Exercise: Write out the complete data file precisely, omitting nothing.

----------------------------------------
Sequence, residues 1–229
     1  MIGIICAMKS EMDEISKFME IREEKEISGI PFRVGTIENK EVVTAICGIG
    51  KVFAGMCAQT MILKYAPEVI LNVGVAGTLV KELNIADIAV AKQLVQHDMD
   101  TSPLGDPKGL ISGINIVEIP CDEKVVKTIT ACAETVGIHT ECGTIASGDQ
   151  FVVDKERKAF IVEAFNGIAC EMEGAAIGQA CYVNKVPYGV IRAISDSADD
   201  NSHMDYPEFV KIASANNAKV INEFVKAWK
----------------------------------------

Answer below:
Sequence, residues 1–229
     1  MIGIICAMKS EMDEISKFME IREEKEISGI PFRVGTIENK EVVTAICGIG
    51  KVFAGMCAQT MILKYAPEVI LNVGVAGTLV KELNIADIAV AKQLVQHDMD
   101  TSPLGDPKGL ISGINIVEIP CDEKVVKTIT ACAETVGIHT ECGTIASGDQ
   151  FVVDKERKAF IVEAFNGIAC EMEGAAIGQA CYVNKVPYGV IRAISDSADD
   201  NSHMDYPEFV KIASANNAKV INEFVKAWK